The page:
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The Equity Corp., American General Corp., Morris Plan Corp. of America,
Charter Bank of Philadelphia, Philadelphia (NM)..
Workingman's Savings Bank & Trust Co., Pittsburgh (NM)
Subtotal (2 State nonmember insured).
Tennessee: Morris Plan Bank of Knoxville, Knoxville (NM).
Virginia: The Bank of Virginia, Richmond (NM).
Total (18 State nonmember insured, 5 State nonmember uninsured)...
1 As of Nov. 15, 1946, the Equity Corp. owned 75.07 percent of American General Corp., which in turn
The CHAIRMAN. At this point, I am going to have inserted in the
CHART OF VOTING INTERESTS OF EQUITY GROUP
The following chart shows the companies in which Equity and American General had, as of November 15, 1946, direct or indirect stock interests otherwise than through general market securities held in their portfolio. The chart is not a list of subsidiaries or controlled companies. Neither the sequence of listing nor the percentage of voting stock held is any indication of the relative significance of the respective companies. Set forth opposite each name is the percentage of voting stock held by Equity or a subsidiary. All companies of the same degree of remoteness from Equity are indented by the same space from the left margin, each class of more remote companies being further indented.
The Equity Corp.-Continued
American General Corp.-Continued
The Morris Plan Corp. of America-Continued
Worth Engineering Co., Inc..
The Morris Plan Co. of Philadelphia..
P. T. M. Agency.
The Morris Plan Bank of Philadelphia_
The Morris Plan Consumer Discount Co. of York..
Industrial Bank of Central New York, Syracuse_
The Bank of Georgia, Atlanta__
The Citizens Bank of Washington..
Installment Credit Service, Inc..
Industrial Bank of Schenectady.
Morris Plan Bank of Knoxville
Union Trust Co. of the District of Columbia.
Bankers Security Life Insurance Society-
Industrial City Bank & Banking Co., Worcester-
The Morris Plan Bank & Banking Co. of Lynn, Mass. (NB). 61. 77
Workingman's Savings Bank & Trust Co., Pittsburgh...
General Contract Purchase Corp-.
The Bank of Virginia, Richmond___
Wilmington Insurance Brokers, Inc.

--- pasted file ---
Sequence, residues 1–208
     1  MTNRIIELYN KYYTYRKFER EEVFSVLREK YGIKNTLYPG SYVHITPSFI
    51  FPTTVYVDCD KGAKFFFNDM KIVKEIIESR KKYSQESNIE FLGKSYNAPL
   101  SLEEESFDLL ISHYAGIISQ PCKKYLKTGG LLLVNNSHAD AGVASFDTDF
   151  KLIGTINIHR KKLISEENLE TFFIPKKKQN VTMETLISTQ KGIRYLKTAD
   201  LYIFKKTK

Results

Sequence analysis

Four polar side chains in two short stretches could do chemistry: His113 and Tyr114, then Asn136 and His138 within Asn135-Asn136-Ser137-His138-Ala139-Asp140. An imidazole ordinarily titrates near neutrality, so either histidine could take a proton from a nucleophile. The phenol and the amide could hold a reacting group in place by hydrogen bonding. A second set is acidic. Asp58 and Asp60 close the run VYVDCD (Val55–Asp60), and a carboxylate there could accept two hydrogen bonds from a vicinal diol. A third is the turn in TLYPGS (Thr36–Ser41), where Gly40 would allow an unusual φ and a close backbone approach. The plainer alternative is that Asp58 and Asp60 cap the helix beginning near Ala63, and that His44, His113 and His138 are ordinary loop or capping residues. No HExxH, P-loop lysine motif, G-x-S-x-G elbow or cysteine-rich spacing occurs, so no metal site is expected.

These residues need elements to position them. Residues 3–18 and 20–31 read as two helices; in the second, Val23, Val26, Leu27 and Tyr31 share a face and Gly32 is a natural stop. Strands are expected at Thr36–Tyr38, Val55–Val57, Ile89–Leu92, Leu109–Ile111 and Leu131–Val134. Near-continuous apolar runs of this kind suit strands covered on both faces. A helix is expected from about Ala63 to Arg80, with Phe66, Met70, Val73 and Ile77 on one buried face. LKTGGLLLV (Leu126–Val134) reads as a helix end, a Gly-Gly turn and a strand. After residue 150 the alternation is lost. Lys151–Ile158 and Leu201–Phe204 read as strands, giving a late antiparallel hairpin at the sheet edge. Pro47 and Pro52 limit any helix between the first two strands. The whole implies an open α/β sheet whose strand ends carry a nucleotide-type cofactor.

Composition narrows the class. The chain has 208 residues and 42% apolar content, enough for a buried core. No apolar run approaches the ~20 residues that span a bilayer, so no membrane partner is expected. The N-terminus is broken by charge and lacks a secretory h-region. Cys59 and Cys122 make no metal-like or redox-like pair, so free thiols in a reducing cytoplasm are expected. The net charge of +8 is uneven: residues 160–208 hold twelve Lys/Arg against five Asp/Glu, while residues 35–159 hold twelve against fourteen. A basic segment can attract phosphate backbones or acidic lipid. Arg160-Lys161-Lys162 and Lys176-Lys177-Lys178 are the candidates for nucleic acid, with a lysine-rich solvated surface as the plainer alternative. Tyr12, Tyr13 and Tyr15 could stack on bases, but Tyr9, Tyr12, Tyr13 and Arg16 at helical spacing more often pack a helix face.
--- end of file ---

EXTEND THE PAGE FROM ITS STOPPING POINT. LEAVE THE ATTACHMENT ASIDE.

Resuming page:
61. 21 100
61. 14 58. 21
Lowell Morris Plan Co., Lowell, Mass. (NB).
State-Wide Insurance Agency, Inc..
The Baden Bank of St. Louis
Planning & Service Corp--
The Morris Plan Co. of South Bend, Ind. (NB)
The Morris Plan Co. of St. Joseph, Mo. (NB)
Manchester Morris Plan Bank, Manchester, N. H. (NB).
The Salem Morris Plan Co., Salem, Mass. (NB).
The Topeka Morris Plan Co., Topeka, Kans. (NB)
The Morris Plan Savings & Loan Co., Wheeling, W. Va.
The Bank of Ohio Co., Cleveland, Ohio..
Lawrence Morris Plan Banking Co., Lawrence, Mass. (NB)-
The CHAIRMAN. We, also, have received a letter, dated June 2, 1947, from Mr. Eccles, Chairman of the Board of Governors of the Federal Reserve System, addressed to the chairman of the committee, together with a copy of a resolution of the Federal Advisory Council, which I will have placed in the record at this point. (The letter and resolution referred to are as follows:)
BOARD OF GOVERNORS OF THE FEDERAL RESERVE SYSTEM,
Hon. CHARLES W. TOBEY,
Washington, D. C.
DEAR SENATOR TOBEY: During the course of my testimony the other morning respecting the proposed bank holding company legislation (S. 829), I was asked by one of the members of the committee to amplify my remarks concerning that phase of section 5 (c) of the bill which permits a bank holding company to acquire shares of nonbanking organizations from its subsidiary banks "at the request of any Federal or State authority having statutory power to examine such subsidiaries. I am happy to do so and am sending this letter to you with the request that it be inserted in the record of the hearings on S. 829.
In the first place, it should be noted that section 5 (c) provides an exemption from the positive prohibition contained in section 5 (a) against bank holding companies, after two years after the effective date of the act, owning any securities of nonbanking organizations. The fundamental purpose of section 5 (c) is to permit bank holding companies to do so whenever it may be necessary in order to protect any of the banks which are part of the holding company system. However, the Board did not want the exemption to be so broad as to permit the holding company to take over such shares under all circumstances because it was felt that such a provision might very well offer a loophole for evading the direct prohibition stated above. It was felt, therefore, that a provision which conditions the taking over of such securities upon a previous "request" from the examining authorities would serve to minimize this danger while at the same time offering a ready protection to the banks in the holding company system.